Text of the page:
Filmography[edit]

Year Title Role Notes
1941 The Get-Away Maria Theresa 'Terry' O'Reilly Alternative title: The Getaway
1941 Shadow of the Thin Man Molly
1941 Babes on Broadway Jonesy's Secretary Uncredited
1942 Personalities Uncredited
1942 The Bugle Sounds Sally Hanson
1942 The Courtship of Andy Hardy Melodie Eunice Nesbit
1942 Mokey Anthea Delano
1942 Calling Dr. Gillespie Marcia Bradburn
1942 Apache Trail Rosalia Martinez
1942 Eyes in the Night Barbara Lawry
1943 The Human Comedy Bess Macauley
1943 Dr. Gillespie's Criminal Case Marcia Bradburn Alternative title: Crazy to Kill
1943 The Man from Down Under Mary Wilson
1943 Thousands Cheer Customer in Red Skelton Skit
1944 See Here, Private Hargrove Carol Holliday
1944 Gentle Annie Mary Lingen
1945 The Picture of Dorian Gray Gladys Hallward
1945 They Were Expendable Lt. Sandy Davyss
1946 Faithful in My Fashion Jean Kendrick
1946 It's a Wonderful Life Mary Hatch Bailey Alternative title: Frank Capra's It's a Wonderful Life
1947 Green Dolphin Street Marguerite Patourel
1948 Beyond Glory Ann Daniels
1949 Chicago Deadline Rosita Jean D'Ur
1951 Saturday's Hero Melissa Alternative title: Idols in the Dust
1952 Scandal Sheet Julie Allison Alternative title: The Dark Page
1952 Hangman's Knot Molly Hull
1953 Trouble Along the Way Alice Singleton Alternative title: Alma Mater
1953 Raiders of the Seven Seas Alida
1953 From Here to Eternity Alma "Lorene" Burke Winner: Academy Award for Best Supporting Actress
1953 The Caddy Kathy Taylor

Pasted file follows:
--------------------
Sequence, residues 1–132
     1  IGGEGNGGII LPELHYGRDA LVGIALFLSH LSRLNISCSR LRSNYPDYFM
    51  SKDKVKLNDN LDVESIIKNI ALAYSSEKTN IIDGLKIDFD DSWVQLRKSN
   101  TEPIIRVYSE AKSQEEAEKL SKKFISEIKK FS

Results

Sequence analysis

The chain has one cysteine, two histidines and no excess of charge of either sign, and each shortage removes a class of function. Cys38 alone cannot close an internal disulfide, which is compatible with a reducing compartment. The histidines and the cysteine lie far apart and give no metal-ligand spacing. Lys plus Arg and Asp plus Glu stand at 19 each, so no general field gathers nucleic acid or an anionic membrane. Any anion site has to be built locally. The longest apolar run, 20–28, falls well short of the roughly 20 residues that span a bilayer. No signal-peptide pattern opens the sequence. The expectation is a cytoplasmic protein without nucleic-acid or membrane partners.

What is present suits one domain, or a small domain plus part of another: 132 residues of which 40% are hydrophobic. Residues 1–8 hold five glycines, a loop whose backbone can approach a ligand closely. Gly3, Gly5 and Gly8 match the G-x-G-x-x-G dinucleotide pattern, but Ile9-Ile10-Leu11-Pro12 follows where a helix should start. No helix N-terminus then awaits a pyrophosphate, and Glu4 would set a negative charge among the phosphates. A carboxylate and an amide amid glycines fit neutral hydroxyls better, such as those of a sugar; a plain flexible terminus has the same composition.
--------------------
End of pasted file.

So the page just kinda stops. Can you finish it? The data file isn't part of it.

1953 Gun Fury Jennifer Ballard
1954 They Rode West Laurie MacKaye
1954 Three Hours to Kill Laurie Mastin
1954 The Last Time I Saw Paris Marion Ellswirth/Matine
1954 The Ford Television Theatre Lydia Campbell Episode: "Portrait of Lydia"
1955 The Far Horizons Sacajawea Alternative title: The Untamed West
1955 Tales of Hans Anderson Episode: "Wee Willie Winkie"
1956 The Benny Goodman Story Alice Hammond
1956 Ransom! Edith Stannard Alternative title: Fearful Decision
1956 Backlash Karyl Orton
1956 Beyond Mombasa Ann Wilson
1957 General Electric Theater Rayna Episode: "Light from Tormendero"
1957 Suspicion Letty Jason Episode: "The Other Side of the Curtain"
1958 The Whole Truth Carol Poulton
1958–66 The Donna Reed Show Donna Stone 275 episodes
1974 Yellow-Headed Summer
1979 The Best Place to Be Sheila Callahan Television movie
1983 Deadly Lessons Miss Wade Television movie
1984 The Love Boat Polly/Gwen 2 episodes
1984–85 Dallas Miss Ellie Ewing Farlow 24 episodes

Awards and nominations[edit]

Year Award Category Title Result
1953 Academy Award Best Actress in a Supporting Role From Here to Eternity Won
1963 Golden Globe Award Best TV Star – Female The Donna Reed Show Won
1964 Golden Apple Awards Most Cooperative Actress
Won
1959 Emmy Award Best Actress in a Leading Role in a Comedy Series The Donna Reed Show Nominated
1960 Emmy Award Outstanding Performance by an Actress in a Series (Lead or Support) The Donna Reed Show Nominated
1961 Emmy Award Outstanding Performance by an Actress in a Series (Lead) The Donna Reed Show Nominated
1962 Emmy Award Outstanding Continued Performance by an Actress in a Series (Lead) The Donna Reed Show Nominated
2004 TV Land Awards The Most Irreplaceable Replacement Dallas Nominated
2006 TV Land Awards The Most Irreplaceable Replacement Dallas Nominated

See also[edit]

References[edit]